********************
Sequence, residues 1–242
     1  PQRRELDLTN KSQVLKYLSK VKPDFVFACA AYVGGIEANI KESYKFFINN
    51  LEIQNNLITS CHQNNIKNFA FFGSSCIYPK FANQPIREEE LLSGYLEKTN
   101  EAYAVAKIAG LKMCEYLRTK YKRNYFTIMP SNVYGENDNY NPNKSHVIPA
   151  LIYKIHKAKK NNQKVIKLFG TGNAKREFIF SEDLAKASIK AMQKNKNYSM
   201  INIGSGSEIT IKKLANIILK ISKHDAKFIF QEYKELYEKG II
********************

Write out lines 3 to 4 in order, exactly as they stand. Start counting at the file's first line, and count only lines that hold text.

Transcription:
    51  LEIQNNLITS CHQNNIKNFA FFGSSCIYPK FANQPIREEE LLSGYLEKTN
   101  EAYAVAKIAG LKMCEYLRTK YKRNYFTIMP SNVYGENDNY NPNKSHVIPA